A Little Bit About Me. . .

There are three things in this world that make me happy... sexy cars, soccer, and music...

I remember my first experience listening to Michael Jackson on some Sennheiser HD280 headphones on a FIIO X3... version mouth dropped... I never heard music like that before... and the question I asked myself is,

Can music sound any better than this?!”

Such began my hifi journey to answer that one singular question. . . And it is still on going. I measure the music experience akin to “being there” (thus my review stage name)... if it’s a live performance, imagining being in the stadium or concert hall, and being able to pick up on the nuances of that live experience. If it’s a movie soundtrack, capturing the emotion of the character in the struggle or the celebration...and how that plays out in the song... a synergy of parts that can capture this realness and do it with emotion in my ears... that’s a synergy I constantly seek to push to higher levels....but the key word there... “my ears”... I’m just a church boy who enjoys music...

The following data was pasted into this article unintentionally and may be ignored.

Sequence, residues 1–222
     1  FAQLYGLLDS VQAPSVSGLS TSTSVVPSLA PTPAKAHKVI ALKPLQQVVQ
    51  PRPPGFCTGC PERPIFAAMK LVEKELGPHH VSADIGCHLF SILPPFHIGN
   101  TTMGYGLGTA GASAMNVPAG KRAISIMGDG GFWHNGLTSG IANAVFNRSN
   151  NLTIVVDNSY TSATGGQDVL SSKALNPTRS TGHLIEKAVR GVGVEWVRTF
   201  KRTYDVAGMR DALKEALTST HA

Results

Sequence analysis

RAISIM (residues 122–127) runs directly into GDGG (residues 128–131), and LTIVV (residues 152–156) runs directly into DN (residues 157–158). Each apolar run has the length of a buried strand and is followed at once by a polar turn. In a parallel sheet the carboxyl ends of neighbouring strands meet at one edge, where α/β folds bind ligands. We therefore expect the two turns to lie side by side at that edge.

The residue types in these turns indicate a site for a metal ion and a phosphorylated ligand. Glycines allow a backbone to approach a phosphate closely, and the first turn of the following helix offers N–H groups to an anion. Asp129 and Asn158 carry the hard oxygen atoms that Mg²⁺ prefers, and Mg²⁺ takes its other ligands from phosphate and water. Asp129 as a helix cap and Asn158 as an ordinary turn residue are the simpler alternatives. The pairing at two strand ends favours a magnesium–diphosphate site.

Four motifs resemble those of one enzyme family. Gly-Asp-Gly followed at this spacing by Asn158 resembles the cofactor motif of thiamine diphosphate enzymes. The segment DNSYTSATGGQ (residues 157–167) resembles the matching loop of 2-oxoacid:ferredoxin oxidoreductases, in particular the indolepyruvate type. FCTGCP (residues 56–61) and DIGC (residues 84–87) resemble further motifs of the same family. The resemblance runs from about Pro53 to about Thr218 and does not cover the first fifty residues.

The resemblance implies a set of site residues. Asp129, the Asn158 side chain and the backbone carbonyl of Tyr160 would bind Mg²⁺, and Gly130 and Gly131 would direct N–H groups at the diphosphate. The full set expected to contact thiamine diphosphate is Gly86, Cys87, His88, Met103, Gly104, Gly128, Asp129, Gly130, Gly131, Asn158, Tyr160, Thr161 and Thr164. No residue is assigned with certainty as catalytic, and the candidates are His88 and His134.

My review is based on my opinions through my 64 Audio A18t and Chord Hugo 2... a pairing that has taken me years to save up for and through gradual relationships with other items that have gradually increased my love for the music listening experience...songs were eclectic in selection, with a mixture of Tidal/Tidal MQA and personally owned DSD selections, played using Audirvana. Each piece of hardware is considered a TOTL in its own respective categories, but they operate together as quite a tasty “cake” giving music delivery a level of excellence hard to beat in a portable setting. Now for the icing...